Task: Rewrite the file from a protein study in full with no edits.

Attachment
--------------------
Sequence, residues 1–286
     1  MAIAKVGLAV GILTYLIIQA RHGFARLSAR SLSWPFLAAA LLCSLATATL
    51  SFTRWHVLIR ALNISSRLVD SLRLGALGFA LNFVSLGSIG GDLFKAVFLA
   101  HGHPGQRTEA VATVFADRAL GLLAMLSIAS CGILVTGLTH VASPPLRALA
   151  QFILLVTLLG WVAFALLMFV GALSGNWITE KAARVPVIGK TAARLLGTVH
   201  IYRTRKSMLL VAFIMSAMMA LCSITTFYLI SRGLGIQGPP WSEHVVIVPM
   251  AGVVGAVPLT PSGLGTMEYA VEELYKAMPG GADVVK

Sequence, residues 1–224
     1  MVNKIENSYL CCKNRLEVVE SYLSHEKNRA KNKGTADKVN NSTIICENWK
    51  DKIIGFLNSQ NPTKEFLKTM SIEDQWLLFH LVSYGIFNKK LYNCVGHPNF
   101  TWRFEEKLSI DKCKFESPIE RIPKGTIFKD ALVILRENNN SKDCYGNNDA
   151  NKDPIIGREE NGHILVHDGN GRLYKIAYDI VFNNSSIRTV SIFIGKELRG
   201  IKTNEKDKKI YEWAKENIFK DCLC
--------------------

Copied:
Sequence, residues 1–286
     1  MAIAKVGLAV GILTYLIIQA RHGFARLSAR SLSWPFLAAA LLCSLATATL
    51  SFTRWHVLIR ALNISSRLVD SLRLGALGFA LNFVSLGSIG GDLFKAVFLA
   101  HGHPGQRTEA VATVFADRAL GLLAMLSIAS CGILVTGLTH VASPPLRALA
   151  QFILLVTLLG WVAFALLMFV GALSGNWITE KAARVPVIGK TAARLLGTVH
   201  IYRTRKSMLL VAFIMSAMMA LCSITTFYLI SRGLGIQGPP WSEHVVIVPM
   251  AGVVGAVPLT PSGLGTMEYA VEELYKAMPG GADVVK

Sequence, residues 1–224
     1  MVNKIENSYL CCKNRLEVVE SYLSHEKNRA KNKGTADKVN NSTIICENWK
    51  DKIIGFLNSQ NPTKEFLKTM SIEDQWLLFH LVSYGIFNKK LYNCVGHPNF
   101  TWRFEEKLSI DKCKFESPIE RIPKGTIFKD ALVILRENNN SKDCYGNNDA
   151  NKDPIIGREE NGHILVHDGN GRLYKIAYDI VFNNSSIRTV SIFIGKELRG
   201  IKTNEKDKKI YEWAKENIFK DCLC